I still use some of the things I found out even today. For example, whenever I buy a new camera, I always test how much noise appears in my photos at different ISO levels by taking some test shots at home. Doing this means I know exactly at what ISO there is an acceptable level of noise.
4 Settling for a photo
I’m sure you have all been in that situation when you have arrived at a location, looked at the scene and the light available and thought this isn’t ideal. But how many times have you then taken a photo and said to yourself, “well, it’s not perfect, but it’ll do”. This is what I call “settling for a photo”. It’s when you know you may be able to do better by waiting around a bit longer, but you can’t be bothered or you don’t have enough time.
The problem with settling for a photo is that if you do it often enough it will become the norm and your photos will all suffer as a result. So, always stand by the mantra of capturing the best photo that you can at any given location. That means waiting around if you can for a better photo if that’s a possibility.
5 “Fixing it” in post-production
Another bad habit that you should avoid getting into is relying on editing software too much or even trying to save your photos all the time. Editing is a big part of photography and I believe that every photo will benefit from some level of post-production. So I’m not saying you shouldn’t edit your photos. But rather, don’t rely on it if you can get things right in camera at the time when you are taking the photo. It will stand you in good stead in the long run and will teach you to be more of a perfectionist.
Also, keep in mind that sometimes a few extra minutes on location will ultimately be much quicker than having to spend hours retouching.
6 Listening too much to other people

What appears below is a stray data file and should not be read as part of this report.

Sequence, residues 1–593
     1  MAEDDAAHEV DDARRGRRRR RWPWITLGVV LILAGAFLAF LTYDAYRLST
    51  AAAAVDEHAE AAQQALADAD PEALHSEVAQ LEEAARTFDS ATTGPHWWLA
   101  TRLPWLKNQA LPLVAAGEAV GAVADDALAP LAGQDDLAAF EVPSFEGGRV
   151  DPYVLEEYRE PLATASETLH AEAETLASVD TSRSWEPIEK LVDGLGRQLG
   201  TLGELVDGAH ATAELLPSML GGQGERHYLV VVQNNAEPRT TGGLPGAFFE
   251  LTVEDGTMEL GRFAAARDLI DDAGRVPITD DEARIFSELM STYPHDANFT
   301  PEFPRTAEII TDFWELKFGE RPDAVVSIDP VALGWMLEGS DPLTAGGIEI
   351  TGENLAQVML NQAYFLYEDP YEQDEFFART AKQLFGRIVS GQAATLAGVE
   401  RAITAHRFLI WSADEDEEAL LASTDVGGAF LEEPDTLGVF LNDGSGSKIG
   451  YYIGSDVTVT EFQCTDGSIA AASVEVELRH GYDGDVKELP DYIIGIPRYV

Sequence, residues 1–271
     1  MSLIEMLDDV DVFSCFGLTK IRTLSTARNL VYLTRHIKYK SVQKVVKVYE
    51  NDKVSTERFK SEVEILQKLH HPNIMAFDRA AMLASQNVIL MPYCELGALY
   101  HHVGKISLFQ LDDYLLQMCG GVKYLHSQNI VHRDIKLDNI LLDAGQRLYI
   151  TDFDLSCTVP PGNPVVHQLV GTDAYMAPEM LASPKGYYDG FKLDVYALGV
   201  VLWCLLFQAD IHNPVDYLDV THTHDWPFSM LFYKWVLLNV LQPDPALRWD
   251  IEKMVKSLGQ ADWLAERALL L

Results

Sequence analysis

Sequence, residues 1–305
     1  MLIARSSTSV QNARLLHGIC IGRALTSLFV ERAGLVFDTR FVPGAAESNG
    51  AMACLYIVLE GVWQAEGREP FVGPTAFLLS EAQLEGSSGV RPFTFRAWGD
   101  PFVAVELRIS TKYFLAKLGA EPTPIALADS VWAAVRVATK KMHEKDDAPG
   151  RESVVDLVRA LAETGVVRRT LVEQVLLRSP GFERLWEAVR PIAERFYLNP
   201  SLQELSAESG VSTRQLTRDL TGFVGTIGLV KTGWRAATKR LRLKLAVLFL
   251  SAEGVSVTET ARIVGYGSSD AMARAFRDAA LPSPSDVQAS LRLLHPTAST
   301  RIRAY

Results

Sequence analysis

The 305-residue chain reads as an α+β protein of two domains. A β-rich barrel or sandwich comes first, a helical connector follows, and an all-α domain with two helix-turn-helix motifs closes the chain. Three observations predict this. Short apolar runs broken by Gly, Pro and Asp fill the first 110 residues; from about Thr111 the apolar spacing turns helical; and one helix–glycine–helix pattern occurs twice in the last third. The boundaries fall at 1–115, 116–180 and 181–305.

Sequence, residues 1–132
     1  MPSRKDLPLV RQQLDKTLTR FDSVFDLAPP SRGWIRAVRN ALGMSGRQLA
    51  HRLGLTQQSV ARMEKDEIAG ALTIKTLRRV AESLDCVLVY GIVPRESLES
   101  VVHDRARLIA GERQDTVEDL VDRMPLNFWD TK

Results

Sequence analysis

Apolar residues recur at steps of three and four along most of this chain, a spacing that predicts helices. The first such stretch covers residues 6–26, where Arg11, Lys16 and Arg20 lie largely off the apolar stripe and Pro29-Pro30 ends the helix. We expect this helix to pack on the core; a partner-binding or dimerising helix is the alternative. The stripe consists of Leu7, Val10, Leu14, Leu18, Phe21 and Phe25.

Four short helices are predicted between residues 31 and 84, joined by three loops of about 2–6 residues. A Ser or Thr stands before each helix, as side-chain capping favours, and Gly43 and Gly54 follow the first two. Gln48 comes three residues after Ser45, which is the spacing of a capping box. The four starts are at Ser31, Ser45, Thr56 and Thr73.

Unfortunately one of the downsides of today’s digital world is that it is much harder to just focus on your own work. We are all influenced by what we see and hear around us. Most of the time this is positive and can help inspire us to create great photos. But sometimes it can have a detrimental effect, especially for newbie photographers who may feel pressured to have to fit into what others see as great photos.
So my biggest advice for someone who is starting out is to not listen to other people all the time. Of course, constructive comments or feedback can be good, but also be strong enough to follow through with your passion and vision rather than trying to please others.
The most important thing when you are starting out is to have fun and try to experiment and learn as much as possible. Don’t worry if you make mistakes and try not to listen too much to the negative voices out there. Shoot what your passion is and try to create your own style. And if you can avoid the mistakes above at the same time, even better.
- AuthorKav Dadfar
Kav is a full-time photographer and author of 400+ articles. He is also a judge on the Wanderlust Magazine Photography of the Year competition and leads small group photo tours around the world.View all articles